As a suffix, yes.
But there are also words that have -ul as part of the stem rather than as a suffix, such as regulo (rule) or nebulo (fog).
Sort of like how "-er" in English is "person who does something" (singer, reader, ...), but a finger is not something that fings -- here, "er" is simply part of the stem.
Sometimes, it's ambiguous: regulo could be a rule (regul-o) or a person who rules (reg-ul-o).
"Maltrovis" is one of those words which you can get away with using, but only in specific contexts and always as an affectation or joke.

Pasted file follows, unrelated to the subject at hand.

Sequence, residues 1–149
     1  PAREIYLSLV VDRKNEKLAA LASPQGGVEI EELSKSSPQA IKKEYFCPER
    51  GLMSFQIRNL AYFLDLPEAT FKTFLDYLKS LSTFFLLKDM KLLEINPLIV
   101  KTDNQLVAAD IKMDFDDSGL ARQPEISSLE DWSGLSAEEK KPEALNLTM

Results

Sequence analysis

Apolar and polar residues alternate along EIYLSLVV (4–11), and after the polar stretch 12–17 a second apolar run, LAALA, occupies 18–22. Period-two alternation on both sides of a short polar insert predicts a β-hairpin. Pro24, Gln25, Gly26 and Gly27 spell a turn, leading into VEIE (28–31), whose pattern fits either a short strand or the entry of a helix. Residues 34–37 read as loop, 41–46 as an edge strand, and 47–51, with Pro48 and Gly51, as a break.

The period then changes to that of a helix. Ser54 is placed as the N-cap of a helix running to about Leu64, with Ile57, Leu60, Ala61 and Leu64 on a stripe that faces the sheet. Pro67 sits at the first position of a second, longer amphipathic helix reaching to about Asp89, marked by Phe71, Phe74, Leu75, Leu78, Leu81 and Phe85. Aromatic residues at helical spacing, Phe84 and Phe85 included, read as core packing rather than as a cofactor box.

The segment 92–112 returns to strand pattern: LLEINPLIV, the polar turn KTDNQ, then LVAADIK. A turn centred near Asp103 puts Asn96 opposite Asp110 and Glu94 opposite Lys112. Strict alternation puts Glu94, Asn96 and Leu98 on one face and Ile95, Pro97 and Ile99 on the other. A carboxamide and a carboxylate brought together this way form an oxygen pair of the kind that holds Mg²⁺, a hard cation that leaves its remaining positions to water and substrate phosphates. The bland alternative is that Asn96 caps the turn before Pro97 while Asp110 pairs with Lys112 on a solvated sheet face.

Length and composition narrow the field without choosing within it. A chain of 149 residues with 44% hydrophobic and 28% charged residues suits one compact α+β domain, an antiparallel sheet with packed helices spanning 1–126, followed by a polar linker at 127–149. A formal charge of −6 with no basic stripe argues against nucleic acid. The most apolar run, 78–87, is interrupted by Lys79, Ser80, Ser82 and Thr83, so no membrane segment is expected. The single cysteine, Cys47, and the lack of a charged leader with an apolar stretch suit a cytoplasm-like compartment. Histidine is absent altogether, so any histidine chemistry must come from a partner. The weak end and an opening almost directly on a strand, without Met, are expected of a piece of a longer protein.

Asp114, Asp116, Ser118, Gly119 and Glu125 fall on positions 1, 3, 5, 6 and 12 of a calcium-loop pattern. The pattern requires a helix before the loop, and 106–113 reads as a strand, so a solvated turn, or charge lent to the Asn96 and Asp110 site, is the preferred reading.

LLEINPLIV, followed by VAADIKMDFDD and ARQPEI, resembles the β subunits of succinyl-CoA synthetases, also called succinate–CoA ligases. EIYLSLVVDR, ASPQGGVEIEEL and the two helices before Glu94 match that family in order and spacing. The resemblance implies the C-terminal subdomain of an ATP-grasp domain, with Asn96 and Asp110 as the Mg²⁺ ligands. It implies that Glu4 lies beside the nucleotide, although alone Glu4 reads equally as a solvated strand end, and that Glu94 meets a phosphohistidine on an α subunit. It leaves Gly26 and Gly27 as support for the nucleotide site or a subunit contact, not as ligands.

- "Ni trovis la vojon sed tuj poste ni maltrovis gxin." We found our way and immediately unfound it.
"Perdi" and "trovi" don't quite exist on a line so "mal" doesn't quite work.
It's pretty much "ĉar = because, pro = because of".
One stands before a clause with a verb in it; the other stands before a noun.
You can't say (in standard English) "I took an umbrella because the rain", nor "I took an umbrella because of it was raining". Similarly in Esperanto, it's pro la pluvo (because of the rain) but ĉar pluvis (because it was raining).